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  • What is vulvar cancer?

    Last reviewed October 2014

    Contents

    The vulva

    The vulva is a general term describing a woman’s external sex organs. The main parts of the vulva are the:

    • mons pubis—the soft, fatty mound of tissue covered with pubic hair, above the labia
    • labia—two large, outer lips (the labia majora) which surround two smaller, thinner inner lips (the labia minora)
    • clitoris—a highly sensitive organ found where the labia minora join at the top.

    When stimulated, the clitoris fills with blood and enlarges in size. Stimulation of the clitoris can result in sexual excitement and orgasm or climax.

    The opening of the vagina is below the clitoris. There are also small glands near the opening of the vagina—called Bartholin’s glands—that produce mucus to lubricate the vagina.

    The skin between the vulva and anus is called the perineum.

    What is vulvar cancer?

    Cancer of the vulva can start in any part of the external female sex organs. The most common areas for cancer to develop are the labia minora, the inner edges of the labia majora and the perineum. Less often vulvar cancer may involve the clitoris. It can also begin in or spread to the Bartholin’s glands.

    There are several types of vulvar cancer:

    • Squamous cell carcinoma—is the most common type making up about 90 per cent of all cases. It affects the skin cells of the vulva.
    • Vulvar melanoma—a type of skin cancer that develops from the cells that give the skin its colour. About two to four per cent of vulvar cancers are melanoma.
    • Adenocarcinoma—cancer that begins in the glandular cells lining the skin of the vulva.
    • Extramammary Paget’s disease—which looks a lot like eczema.
    • Verrucous carcinoma—slow-growing cancer that looks like a large wart.
    • Sarcomas—develops from muscle, fat and connective tissue. Sarcomas tend to grow faster than other types of vulvar cancer.

    Each year about 300 Australian women are diagnosed with cancer of the vulva. It commonly affects post-menopausal women. The incidence is highest for women older than 80. It sometimes occurs in younger women.

    Symptoms of vulvar cancer

    There are often no obvious symptoms of vulvar cancer. However you may have one or more of the following symptoms:

    • a lump, sore, swelling or wart-like growth on the vulva
    • itching, burning, soreness or pain in the vulva
    • thickened, raised, red, white or dark brown skin patches
    • a mole on the vulva that changes shape or colour
    • blood, pus or other discharge coming from a lesion or sore spot which may have an offensive or unusual odour or colour and is not related to your menstrual period.

    Many women don’t look at their vulva so they do not know what is normal for them. However if you feel any pain in your genital area or notice any of the above symptoms you should make an appointment for a check up with your GP.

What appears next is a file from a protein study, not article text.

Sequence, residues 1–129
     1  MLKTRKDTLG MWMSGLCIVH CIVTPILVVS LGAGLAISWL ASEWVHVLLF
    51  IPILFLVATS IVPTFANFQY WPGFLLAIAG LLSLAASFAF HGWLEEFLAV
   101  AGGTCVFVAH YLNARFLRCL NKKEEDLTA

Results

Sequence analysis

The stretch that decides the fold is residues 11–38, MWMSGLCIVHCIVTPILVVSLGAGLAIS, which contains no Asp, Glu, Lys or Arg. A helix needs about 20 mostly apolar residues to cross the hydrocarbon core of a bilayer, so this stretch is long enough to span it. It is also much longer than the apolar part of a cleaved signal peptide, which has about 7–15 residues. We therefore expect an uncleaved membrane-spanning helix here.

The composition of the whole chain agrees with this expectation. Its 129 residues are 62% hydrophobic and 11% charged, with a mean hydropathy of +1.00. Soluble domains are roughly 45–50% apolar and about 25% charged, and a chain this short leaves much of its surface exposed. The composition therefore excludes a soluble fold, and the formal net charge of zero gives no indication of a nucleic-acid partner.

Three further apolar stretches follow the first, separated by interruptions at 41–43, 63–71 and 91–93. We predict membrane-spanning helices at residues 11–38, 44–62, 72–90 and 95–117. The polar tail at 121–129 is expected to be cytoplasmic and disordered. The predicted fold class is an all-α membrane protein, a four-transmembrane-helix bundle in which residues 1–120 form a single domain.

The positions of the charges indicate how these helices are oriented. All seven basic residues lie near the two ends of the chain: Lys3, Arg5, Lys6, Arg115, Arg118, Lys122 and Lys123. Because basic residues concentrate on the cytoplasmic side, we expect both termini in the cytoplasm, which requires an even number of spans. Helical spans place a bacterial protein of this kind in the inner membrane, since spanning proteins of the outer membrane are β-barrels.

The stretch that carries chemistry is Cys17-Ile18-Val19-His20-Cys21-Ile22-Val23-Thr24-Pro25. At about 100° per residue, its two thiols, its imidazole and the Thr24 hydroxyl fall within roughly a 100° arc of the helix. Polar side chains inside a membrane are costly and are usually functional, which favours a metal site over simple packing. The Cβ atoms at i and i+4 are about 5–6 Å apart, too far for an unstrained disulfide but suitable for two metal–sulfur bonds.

Risk factors

    The exact cause of vulvar cancer is unknown but there are some factors known to increase the risk of developing it:

    Vulvar intraepithelial neoplasia (VIN)

    This is a pre-cancerous condition of the vulva. The skin of the vulva changes and may itch, burn or feel sore. VIN may disappear without treatment but it can sometimes become cancerous. About one in three women who develop vulvar cancer has VIN.

    Human papillomavirus (HPV)

    Also known as the wart virus, HPV is a sexually transmitted infection that can cause women to develop VIN. Although having HPV increases the risk of vulvar cancer most women with HPV don’t develop it.

    Other skin conditions

    Non-cancerous (benign) skin conditions such as vulvar lichen sclerosus, vulvar lichen planus and extramammary Paget’s disease can cause itching and soreness and, after many years, may develop into cancer.

    Smoking

    Cigarette smoking increases the risk of developing VIN and cancer of the vulva. This may be because smoking can make the immune system work less effectively.

    Vulvar cancer is not contagious and it can’t be passed to other people through sexual contact. It is also not caused by an inherited faulty gene so it can’t be passed on to children.

    Information reviewed by: Prof Jonathan Carter, Head Gynaecologic Oncology, Chris O’Brien Lifehouse, Professor of Gynaecological Oncology, University of Sydney, and Head Gynaecologic Oncology, Royal Prince Alfred Hospital, NSW; Ellen Barlow, Gynaecological Oncology Clinical Nurse Consultant, Gynaecological Cancer Centre, The Royal Hospital for Women, NSW; Jason Bonifacio, Practice Manager/ Chief Radiation Therapist, St Vincent’s Clinic, Radiation Oncology Associates and Genesis Cancer Care, NSW; Wendy Cram, Consumer; Kim Hobbs, Social Worker, Gynaecology Oncology, Westmead Hospital, and Chair COSA Social Work Group, NSW; Lyndal Moore, Consumer; Pauline Tanner, Cancer Nurse Coordinator, Gynaecological Cancer, WA Cancer and Palliative Care Network, WA.

     


     

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